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Bank, to have carried on these forgeries, without || jected altogether unless corroborated by circume a confederate within, as these dividend warrants stances indisputable. Mr. Garrow added that he, were useless, without a clerk's sanction, and this however, had a strong confirniation which must be case was of the last importance, inasmuch as the credited. Armitage bad informed Roberts that prisoner had sacrificed his interest and betrayed Mills, the clerk, had two notes of £1000 each in his trust. The dividend warrants are kept by the his possession for payment of dividends on a clerk, and can only be got out by his means; and certain day, but they had not been required, and with an out-door confederate the forgery was

he had returned them, but they would probably easy. The learned Counsel continued, that the || be re-issued to him the following day. This fact prisoner, together with Roberts, and a man of was the case, as proved by entries, and some one the name of Hudson, had frequently met to com in the Bank must have made it known to Roberts. mit a forgery of magnitude upon the Bank, and Roberts underwent an examination of three after serious consultation the plan was hit upon.

hours. He said he had known the prisoner seven The prisoner agreed to furnish his ont-door con years, and witness had been an attorney's clerk. federates with blank dividend warrants, six in He also knew Hudson, who had been a bank. number, which Roberts filled up with Bank ink, rupt, and the three had often met in consultain order that the appearance might be quite cor tion about raising money by Bank forgeries. rect. Roberts did the filling up part and the | They met at the Angel, at Islington, White forgery of the paines, &c. with considerable skill, Conduit House, &c. Their discussions were al. and Hudson undertook to get the mouey by the

ways in private. Witness stated that Hudson was following stratagem :-Having seen a newspaper

for forging to the amount of £10,000, but Armi. advertisement of a clerk wanting a situation, | tage disapproved of that, as the party offering the Hudson, who had turned stock-broker, engaged dividend warrant, would in claiming such a sum, hin, and this youth was sent by virtue of his em he liable to go before the principals, who were ployment, to claim the dividends, whilst Roberts | acquainted with the principal stock-bolders, was in attendance to look after the money. The and get detected. The sum obtained was fixed prisoner knew who was coming for the money, on by the prisoner, and it was agreed to forge and he was present at getting the business done, I the name of a clergyman, as they were in gebut when ascribing payment to the Bank, he neral large stock holders. Witness went to forgot who paid it. A Mr. Mills had lately come prove the case strongly against Armitage, who into the Bank, and the prisoner was superio- || he said had procured him six dividend warrants, tendant, so that the money was obtained as the and who was the first planner of the business.dividend of one who had no stock. Mr. Mills Witness continued to prove what Mr. Garrow was a novice in the office, but he had Arinitage || bad stated, and a repetition of which would be on his right hand. The sum obtained was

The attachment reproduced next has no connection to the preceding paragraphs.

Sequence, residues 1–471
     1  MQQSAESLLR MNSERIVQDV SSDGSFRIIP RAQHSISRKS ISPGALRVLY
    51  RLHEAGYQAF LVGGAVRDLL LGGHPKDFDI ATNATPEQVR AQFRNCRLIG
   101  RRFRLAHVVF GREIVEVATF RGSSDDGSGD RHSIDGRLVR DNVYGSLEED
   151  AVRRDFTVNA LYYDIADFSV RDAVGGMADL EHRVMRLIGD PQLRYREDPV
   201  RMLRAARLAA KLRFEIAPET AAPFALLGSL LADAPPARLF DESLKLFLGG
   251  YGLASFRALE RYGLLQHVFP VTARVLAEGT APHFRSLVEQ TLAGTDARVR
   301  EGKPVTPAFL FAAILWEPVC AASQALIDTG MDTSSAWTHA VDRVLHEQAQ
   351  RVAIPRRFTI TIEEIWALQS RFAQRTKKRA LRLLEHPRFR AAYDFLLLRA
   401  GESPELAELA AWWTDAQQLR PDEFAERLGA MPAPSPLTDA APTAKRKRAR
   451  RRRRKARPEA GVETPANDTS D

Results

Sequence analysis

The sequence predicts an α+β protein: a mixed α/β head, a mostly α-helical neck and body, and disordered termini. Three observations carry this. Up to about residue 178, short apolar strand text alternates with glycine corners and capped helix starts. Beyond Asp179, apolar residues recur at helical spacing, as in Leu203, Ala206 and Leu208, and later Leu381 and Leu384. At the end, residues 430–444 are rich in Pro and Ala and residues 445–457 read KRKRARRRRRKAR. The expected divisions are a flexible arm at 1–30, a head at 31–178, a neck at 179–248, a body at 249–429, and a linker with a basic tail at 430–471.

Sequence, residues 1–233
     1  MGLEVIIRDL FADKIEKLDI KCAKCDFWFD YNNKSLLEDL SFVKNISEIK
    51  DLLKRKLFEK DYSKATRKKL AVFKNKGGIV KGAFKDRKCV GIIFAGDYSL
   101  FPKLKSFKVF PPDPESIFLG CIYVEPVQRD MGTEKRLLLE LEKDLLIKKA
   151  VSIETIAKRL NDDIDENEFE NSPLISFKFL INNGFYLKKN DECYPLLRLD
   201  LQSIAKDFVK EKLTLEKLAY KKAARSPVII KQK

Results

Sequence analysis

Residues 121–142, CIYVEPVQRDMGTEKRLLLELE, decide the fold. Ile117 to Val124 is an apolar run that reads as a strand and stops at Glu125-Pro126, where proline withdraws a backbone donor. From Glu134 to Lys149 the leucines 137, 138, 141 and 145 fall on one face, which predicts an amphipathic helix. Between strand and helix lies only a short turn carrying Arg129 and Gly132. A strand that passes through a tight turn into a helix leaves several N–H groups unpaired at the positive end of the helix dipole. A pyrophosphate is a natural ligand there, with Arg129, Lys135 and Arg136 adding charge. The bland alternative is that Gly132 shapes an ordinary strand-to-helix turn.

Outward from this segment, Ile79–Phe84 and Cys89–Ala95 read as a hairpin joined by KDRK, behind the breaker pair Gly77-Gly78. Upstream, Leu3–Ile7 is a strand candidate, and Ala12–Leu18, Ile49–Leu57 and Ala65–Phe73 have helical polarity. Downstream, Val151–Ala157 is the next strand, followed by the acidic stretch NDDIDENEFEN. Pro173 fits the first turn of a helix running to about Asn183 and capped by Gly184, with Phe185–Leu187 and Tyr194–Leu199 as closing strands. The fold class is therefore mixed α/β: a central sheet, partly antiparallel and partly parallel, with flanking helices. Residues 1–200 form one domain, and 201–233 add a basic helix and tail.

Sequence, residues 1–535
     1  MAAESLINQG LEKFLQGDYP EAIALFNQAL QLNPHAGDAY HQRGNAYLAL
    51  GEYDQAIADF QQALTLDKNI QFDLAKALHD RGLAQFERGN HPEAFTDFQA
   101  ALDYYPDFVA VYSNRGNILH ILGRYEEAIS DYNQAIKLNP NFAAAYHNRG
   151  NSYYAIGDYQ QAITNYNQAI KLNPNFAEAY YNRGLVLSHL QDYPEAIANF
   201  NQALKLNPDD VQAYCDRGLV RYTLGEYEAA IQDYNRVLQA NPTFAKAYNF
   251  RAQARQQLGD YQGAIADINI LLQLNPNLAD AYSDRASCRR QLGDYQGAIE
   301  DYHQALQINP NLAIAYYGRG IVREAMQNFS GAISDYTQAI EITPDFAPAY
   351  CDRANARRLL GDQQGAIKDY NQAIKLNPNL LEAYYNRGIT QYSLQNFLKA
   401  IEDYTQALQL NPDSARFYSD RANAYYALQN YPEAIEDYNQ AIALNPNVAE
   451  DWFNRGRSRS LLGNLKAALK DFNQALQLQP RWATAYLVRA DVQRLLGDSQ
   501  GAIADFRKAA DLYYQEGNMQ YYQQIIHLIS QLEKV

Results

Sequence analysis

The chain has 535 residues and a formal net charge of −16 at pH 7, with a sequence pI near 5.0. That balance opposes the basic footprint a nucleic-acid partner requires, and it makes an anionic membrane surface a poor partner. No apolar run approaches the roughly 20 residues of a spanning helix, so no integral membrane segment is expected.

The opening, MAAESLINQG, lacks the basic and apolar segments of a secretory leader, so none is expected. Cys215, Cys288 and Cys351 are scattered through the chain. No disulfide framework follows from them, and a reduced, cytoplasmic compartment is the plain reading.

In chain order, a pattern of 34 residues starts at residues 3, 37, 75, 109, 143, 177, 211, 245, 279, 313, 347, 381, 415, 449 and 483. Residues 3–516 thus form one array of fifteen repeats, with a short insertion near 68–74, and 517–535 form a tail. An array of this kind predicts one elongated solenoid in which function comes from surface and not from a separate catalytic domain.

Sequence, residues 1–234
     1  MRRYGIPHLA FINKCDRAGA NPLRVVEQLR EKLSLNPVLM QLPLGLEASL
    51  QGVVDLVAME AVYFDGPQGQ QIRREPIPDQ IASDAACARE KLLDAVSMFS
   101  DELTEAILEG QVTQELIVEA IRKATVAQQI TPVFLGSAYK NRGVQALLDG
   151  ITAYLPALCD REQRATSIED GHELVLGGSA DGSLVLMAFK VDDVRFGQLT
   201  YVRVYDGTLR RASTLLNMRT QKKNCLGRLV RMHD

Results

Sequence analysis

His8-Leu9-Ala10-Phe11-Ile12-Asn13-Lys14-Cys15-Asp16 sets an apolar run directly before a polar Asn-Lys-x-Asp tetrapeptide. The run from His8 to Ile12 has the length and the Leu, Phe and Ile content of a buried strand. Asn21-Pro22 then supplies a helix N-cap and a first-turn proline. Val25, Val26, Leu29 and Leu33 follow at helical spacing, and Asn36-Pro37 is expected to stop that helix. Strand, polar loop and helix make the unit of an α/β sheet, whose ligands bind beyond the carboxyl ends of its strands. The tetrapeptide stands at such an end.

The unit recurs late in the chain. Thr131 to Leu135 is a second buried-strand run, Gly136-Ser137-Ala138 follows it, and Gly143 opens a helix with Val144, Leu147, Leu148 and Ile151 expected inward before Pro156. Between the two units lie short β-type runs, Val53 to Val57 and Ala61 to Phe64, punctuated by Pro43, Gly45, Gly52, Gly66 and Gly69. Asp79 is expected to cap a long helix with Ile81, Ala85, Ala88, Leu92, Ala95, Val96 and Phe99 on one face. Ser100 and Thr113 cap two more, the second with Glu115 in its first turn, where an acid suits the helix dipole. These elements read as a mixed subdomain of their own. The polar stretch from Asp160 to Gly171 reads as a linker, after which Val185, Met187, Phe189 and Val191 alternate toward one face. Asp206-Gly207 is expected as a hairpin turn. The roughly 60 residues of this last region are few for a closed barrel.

an echo of that gentleman's speech. In cross, £2,400, in large notes, which Roberts got ex

examination, witness often appealed to the Court changed, and after giving Hudson £500, the re

against answering any interrogatories to cri, maiuder was to be shared betwixt the prisoner minate bimself, but he confessed having often and Roberts, who altered the numbers of the

been in custody, and he wrote a narrative of notes, by making the o into a 9, and the into the whole business to the Bank Directors from as a 4. The female associate of Roberts, K. Willis, “innate love of justice, and a desire to make an assisted in circulating the notes, but on her para much reparation for his offences as possible." mour being taken, she was alarmed for her own Mr. Mills corroborated Roberts in some measure safety, and she made a confession. The principal || by documents, and he prored Hart received the winess in the case was Roberts, the accomplice, £2000 of the prisoner.-K. Willis, the compa. who came before the Jury laden with guilt, and nion of Roberts, entered into a long history lie would wish to redeem binastii hy charging the of the intimacy which subsisted between Roberts, prisoner. Mr. Garrow cautioned the Jury in an

the prisoner, and Hudson, and she proved elegant harangue, to watch narrowly every syl- | Roberts having filled the dividend warrants, and labie he uttered, and not to give credit to one various other matters, in corroboration of Roberts' word he uttered which was not confirmed by

,—The Jury, after deliberating three others. Such polluted testimony should be re bours, found the prisoner Guilty-Death.

statement.

PROVINCIALS.

INCLUDING REMARKABLE OCCURRENCES, DEATHS AND MARRIAGES, &e.

IN THE SEVERAL COUNTIES OF GREAT BRITAIN.

BEDFORDSHIRE.

vantage over me amongst the brushwood, with A REMARKABLE INSTANCE of LONG INCUM which this place abovuded. But being farther DENCY.-The following epitaph is in the parish from him than Rogers, I faced about, determined church of Carlton, in this county :-" To the to let him take his blow, and then, he having memory of Mr. Thomas Wills, who lived Parson missed me, by my jumping on one side, I had of Carlton and Chellington, about threescore another run for it; but on turning round, I found and ten years. He died the second of August, the bull within three or four yards of me, in the 1642, aged above an bundred.”

act of tossing poor Rogers. I had the preCurious EPITAPH.-In Toddington church, sence of mind, most fortunately for me, to same county, is an epitaph on Lady Maria Went

throw myself flat on my face ; Rogers was tossed worth, who died in 1632, aged 18 years. The directly over me, and on falling, was made anfollowing passage, alluding to her early death, ll other thrust at by the bull, who, after having affords a curious specimen of the extravagant | thumped him with his horns, came to me, as I lay mode of expression in that age :